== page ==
The ‘Everyone’s Complaint Department’ series of comic strips began as random doodles and reflection pieces of Alvin Teoh, ECD of Naga DDB Tribal. These little stories featured in MARKETING magazine were originally posted on Facebook and are an ongoing tribute to life in Adland. The comic depicts Alvin’s early days in the advertising industry and words from the Executive Creative Director (ECD) himself.
There is a great debate about the value of creative awards the last 10 years and it revolves around the culture of scamming. I’ll try to get beneath it and see if I make sense. For me, it’s about validation. Many of us measure our self-worth through accolades and creative awards are still a big deal. It’s an official recognition of success and there is nothing wrong with that. A little bit of competition is good for everyone. But where it goes awry is in the manner of how we perceive what success is and what is it we’re really celebrating.
If success is measured by creativity alone, then a culture of ‘made-for-award’ work will dominate the award scene. John Hegarty, when asked to comment about this in an interview with AdAge replied that he ‘didn’t come here to look at somebody’s portfolio… when you pretend that this is a piece of advertising that had an impact on the marketplace, forget it.’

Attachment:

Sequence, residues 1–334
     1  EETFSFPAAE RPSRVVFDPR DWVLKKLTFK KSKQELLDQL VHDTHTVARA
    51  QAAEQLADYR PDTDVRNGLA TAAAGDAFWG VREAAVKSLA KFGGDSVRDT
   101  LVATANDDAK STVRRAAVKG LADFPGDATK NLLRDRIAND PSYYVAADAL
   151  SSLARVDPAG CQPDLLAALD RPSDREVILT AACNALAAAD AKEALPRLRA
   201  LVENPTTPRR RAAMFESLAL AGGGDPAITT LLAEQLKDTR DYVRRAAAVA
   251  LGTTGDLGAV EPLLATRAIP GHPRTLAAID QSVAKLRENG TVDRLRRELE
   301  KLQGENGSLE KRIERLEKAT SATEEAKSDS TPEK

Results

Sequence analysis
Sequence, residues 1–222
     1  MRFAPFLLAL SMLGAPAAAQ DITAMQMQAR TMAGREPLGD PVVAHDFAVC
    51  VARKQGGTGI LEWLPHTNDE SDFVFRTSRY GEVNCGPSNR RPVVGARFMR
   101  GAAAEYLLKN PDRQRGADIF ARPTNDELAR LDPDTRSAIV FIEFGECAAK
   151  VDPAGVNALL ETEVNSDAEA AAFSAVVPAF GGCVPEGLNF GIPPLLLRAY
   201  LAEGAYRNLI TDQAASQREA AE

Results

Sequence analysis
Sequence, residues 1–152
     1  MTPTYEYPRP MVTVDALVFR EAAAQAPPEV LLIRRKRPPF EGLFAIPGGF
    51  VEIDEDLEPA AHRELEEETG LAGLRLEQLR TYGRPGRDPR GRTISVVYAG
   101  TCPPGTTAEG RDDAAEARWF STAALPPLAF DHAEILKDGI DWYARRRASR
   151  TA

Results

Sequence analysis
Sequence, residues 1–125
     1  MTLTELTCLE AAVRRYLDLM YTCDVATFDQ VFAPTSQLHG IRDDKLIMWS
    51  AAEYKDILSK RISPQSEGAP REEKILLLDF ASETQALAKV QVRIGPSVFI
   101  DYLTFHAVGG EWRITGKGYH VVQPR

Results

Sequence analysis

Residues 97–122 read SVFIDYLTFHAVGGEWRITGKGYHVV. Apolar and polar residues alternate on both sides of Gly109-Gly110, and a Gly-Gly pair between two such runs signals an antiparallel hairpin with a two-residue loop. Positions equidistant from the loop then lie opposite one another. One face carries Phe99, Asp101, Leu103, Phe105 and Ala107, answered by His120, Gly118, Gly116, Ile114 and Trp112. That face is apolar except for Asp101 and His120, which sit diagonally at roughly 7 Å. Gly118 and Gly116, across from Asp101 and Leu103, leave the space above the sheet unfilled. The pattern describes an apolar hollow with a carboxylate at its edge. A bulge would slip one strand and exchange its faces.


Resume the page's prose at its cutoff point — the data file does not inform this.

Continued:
Somewhere in the pursuit of validation, we’ve forgotten that creativity does not serve itself. That’s fine art, not commercial art. Creativity exists to solve a problem and if done well, it’ll make some sort of an impact, become a part of culture and result in winning awards. That’s what success is. You create great work that win awards, not create great work to win awards.
Until we all realize this, the creative award show that was meant to celebrate creativity at its best will suffer some degree of scorn. And it is a great injustice to the many who slog it out in the trenches of adland. We all suffer when we pursue false gods. There is no glory in that.
Now let’s not leave this article hanging over the pit of depression, shall we? Thankfully, the old ways are dying off. Agencies that have invested too much time and effort to keep the culture of ‘made-for-awards’ going are collapsing.
It’s a necessary and painful lesson and in its place are a new breed of hybrids and dreamers, people who know how to navigate the ever changing marketing landscape while having their feet grounded in the human condition. These are the people who want to leave their mark through the brands they serve and the community in which they are a part of. Perhaps this is an epiphany and an awakening in adland? I believe so.
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